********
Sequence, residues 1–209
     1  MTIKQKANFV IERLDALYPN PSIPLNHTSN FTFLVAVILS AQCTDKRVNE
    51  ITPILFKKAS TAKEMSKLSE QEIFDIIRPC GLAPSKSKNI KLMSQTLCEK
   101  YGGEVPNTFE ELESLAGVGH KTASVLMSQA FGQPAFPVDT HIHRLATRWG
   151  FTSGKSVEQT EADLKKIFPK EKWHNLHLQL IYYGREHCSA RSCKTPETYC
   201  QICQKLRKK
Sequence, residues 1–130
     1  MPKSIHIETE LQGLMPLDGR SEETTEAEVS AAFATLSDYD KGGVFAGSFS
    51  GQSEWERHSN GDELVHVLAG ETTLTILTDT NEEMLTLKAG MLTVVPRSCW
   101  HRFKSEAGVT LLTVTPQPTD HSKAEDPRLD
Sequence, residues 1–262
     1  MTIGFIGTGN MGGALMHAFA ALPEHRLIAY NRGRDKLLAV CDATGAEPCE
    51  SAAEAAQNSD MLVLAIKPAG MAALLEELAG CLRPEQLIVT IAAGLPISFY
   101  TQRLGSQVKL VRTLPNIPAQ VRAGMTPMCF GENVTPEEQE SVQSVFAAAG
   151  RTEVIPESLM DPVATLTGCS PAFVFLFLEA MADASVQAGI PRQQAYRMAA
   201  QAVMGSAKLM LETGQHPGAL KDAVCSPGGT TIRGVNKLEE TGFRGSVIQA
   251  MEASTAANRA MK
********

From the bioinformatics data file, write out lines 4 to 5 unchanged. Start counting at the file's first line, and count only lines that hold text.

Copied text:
   101  YGGEVPNTFE ELESLAGVGH KTASVLMSQA FGQPAFPVDT HIHRLATRWG
   151  FTSGKSVEQT EADLKKIFPK EKWHNLHLQL IYYGREHCSA RSCKTPETYC